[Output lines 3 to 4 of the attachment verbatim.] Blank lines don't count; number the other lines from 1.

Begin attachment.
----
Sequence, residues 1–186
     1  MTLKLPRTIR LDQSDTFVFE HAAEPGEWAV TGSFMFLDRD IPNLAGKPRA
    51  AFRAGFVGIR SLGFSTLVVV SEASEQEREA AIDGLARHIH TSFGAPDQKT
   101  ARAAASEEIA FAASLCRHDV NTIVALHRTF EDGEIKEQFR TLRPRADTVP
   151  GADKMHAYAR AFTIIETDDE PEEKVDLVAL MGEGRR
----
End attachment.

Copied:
    51  AFRAGFVGIR SLGFSTLVVV SEASEQEREA AIDGLARHIH TSFGAPDQKT
   101  ARAAASEEIA FAASLCRHDV NTIVALHRTF EDGEIKEQFR TLRPRADTVP